Archive Notice - OSHA Archive

NOTICE: This is an OSHA Archive Document, and may no longer represent OSHA Policy. It is presented here as historical content, for research and review purposes only.

OSHA requirements are set by statute, standards and regulations. Our interpretation letters explain these requirements and how they apply to particular circumstances, but they cannot create additional employer obligations. This letter constitutes OSHA's interpretation of the requirements discussed. Note that our enforcement guidance may be affected by changes to OSHA rules. Also, from time to time we update our guidance in response to new information. To keep apprised of such developments, you can consult OSHA's website at http://www.osha.gov.

February 20, 1990

Mr. Robert F. Harbrant
President
Food & Allied Service Trades - AFL-CIO -
Suite 408
815 16th Street, N.W.
Washington, D.C. 20006

Dear Mr. Harbrant:

This is in response to your letter of January 12, regarding guidelines being developed by the Occupational Safety and Health Administration (OSHA) for dealing with ergonomic hazards in the workplace.

The ergonomic program management guidelines that the Agency is now preparing form a part of OSHA's National Special Emphasis Program in Meat Packing. This special emphasis program is designed as a pilot effort which will cover only red meat packing facilities. The Agency will, however, continue to conduct inspections related to ergonomic hazards in the poultry industry and other industries where cumulative trauma disorders are found. We believe the meat packing guidelines contain much information that may be useful to employers in other industries in dealing with ergonomic problems, and OSHA will make copies of the guidelines available to all interested parties.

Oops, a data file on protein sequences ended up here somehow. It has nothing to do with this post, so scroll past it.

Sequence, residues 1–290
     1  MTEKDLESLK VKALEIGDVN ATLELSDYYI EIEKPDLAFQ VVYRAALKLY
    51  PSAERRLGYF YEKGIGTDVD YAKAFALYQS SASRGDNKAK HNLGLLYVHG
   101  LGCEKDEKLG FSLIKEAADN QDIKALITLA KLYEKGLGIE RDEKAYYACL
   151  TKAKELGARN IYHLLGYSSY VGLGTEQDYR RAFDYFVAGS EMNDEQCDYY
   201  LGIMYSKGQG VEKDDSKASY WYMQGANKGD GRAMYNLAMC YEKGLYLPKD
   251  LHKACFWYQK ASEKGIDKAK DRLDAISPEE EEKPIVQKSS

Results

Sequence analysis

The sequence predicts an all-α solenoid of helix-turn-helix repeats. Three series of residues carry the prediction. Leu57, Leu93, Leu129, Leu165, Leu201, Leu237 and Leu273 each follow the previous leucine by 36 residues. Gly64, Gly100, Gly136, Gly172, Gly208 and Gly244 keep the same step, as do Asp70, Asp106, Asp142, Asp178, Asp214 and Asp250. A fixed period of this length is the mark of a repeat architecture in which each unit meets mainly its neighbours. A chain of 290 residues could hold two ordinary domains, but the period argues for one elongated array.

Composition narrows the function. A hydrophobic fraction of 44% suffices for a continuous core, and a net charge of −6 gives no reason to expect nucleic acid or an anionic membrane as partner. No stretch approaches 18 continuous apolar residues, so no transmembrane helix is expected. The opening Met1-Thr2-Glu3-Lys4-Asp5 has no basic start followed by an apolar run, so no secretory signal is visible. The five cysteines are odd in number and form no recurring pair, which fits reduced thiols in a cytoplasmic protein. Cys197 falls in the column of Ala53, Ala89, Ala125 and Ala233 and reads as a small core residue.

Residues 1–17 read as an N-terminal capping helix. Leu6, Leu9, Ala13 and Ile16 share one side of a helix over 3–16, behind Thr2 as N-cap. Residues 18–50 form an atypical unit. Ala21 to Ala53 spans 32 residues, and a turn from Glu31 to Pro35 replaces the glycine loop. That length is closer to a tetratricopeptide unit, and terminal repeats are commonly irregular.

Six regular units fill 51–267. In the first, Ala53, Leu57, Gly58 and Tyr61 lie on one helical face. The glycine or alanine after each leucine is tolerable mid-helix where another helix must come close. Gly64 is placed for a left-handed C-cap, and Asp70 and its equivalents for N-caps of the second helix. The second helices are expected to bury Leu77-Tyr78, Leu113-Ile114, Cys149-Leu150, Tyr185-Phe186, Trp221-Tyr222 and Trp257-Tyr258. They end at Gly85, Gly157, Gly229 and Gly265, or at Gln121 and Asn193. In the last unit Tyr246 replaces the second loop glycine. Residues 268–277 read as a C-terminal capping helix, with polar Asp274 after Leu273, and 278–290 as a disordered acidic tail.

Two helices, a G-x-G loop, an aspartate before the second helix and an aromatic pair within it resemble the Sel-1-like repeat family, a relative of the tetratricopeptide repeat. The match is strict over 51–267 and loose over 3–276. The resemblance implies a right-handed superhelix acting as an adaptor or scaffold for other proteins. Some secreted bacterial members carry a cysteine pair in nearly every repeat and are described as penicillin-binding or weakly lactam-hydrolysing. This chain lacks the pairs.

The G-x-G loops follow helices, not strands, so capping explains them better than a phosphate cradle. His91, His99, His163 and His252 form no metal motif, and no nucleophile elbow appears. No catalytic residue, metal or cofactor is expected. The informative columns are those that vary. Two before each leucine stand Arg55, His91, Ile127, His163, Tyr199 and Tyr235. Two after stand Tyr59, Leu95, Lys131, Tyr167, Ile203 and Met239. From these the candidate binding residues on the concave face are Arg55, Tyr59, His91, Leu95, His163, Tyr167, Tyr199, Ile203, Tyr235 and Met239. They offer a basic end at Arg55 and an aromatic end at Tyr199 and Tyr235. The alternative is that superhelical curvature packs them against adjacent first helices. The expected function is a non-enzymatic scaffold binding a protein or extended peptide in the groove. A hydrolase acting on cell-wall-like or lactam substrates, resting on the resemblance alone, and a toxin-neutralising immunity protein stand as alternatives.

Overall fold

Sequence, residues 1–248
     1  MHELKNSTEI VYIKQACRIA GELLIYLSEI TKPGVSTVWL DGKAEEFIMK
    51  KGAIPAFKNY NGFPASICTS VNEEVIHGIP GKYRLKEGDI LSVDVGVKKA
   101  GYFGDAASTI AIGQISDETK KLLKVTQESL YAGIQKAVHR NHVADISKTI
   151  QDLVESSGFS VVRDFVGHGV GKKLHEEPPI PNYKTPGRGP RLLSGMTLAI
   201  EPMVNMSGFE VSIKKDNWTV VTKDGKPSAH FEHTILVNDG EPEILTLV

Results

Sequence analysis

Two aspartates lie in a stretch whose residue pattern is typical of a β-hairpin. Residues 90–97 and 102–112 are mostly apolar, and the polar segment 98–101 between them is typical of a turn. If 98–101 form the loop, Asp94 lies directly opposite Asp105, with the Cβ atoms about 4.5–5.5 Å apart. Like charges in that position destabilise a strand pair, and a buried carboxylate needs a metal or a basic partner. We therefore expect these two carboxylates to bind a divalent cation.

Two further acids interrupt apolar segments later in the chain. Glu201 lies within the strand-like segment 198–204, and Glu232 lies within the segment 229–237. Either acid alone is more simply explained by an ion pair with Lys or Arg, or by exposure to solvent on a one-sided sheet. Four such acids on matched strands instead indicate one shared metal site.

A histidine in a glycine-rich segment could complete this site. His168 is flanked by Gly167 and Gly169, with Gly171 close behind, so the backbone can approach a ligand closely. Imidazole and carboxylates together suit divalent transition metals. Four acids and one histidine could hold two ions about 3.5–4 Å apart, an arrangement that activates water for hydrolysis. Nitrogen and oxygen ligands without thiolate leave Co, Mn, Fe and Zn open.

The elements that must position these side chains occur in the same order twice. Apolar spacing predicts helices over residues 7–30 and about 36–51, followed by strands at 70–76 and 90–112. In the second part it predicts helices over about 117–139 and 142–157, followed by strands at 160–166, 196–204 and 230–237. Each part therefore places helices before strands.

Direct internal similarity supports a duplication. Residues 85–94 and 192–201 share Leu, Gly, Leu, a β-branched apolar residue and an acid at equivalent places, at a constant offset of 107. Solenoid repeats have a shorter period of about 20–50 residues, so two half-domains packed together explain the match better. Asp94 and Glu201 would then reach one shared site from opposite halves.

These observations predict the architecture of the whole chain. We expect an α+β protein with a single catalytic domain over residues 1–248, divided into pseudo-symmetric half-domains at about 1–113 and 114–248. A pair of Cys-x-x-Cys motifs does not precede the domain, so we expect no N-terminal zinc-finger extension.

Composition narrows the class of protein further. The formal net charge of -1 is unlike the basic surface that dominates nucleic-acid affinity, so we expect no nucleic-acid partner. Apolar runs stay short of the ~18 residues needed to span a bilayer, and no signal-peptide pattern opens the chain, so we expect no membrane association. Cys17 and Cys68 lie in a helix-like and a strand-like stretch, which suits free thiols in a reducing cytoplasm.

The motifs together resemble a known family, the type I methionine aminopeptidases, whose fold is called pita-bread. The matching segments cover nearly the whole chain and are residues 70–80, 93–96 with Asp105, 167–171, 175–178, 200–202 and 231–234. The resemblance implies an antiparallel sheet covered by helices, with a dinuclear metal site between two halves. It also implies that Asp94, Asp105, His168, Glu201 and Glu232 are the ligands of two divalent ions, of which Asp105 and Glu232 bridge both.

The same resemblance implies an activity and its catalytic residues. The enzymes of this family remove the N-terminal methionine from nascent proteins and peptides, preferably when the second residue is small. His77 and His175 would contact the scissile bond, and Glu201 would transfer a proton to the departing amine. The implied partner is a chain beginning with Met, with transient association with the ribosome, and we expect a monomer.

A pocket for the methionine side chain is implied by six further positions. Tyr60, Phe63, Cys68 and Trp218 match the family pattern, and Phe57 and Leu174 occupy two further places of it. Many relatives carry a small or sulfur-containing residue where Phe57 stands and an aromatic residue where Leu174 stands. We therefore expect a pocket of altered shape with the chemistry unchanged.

In addition, OSHA plans to draw upon its experience with the meat packing guidelines and the special emphasis program to develop ergonomic program guidelines applicable to general industry in the near future. We currently hope to have a draft of these general guidelines available in the summer of 1990. These guidelines will be written to assist employers in developing sound ergonomic programs to combat cumulative trauma disorders in the wide range of industries you mentioned.

We appreciate your support and continuing interest in this important area of workplace safety and health. If we may be of further assistance, please feel free to contact us again.

Sincerely,

Gerard F. Scannell
Assistant Secretary
 

Archive Notice - OSHA Archive

NOTICE: This is an OSHA Archive Document, and may no longer represent OSHA Policy. It is presented here as historical content, for research and review purposes only.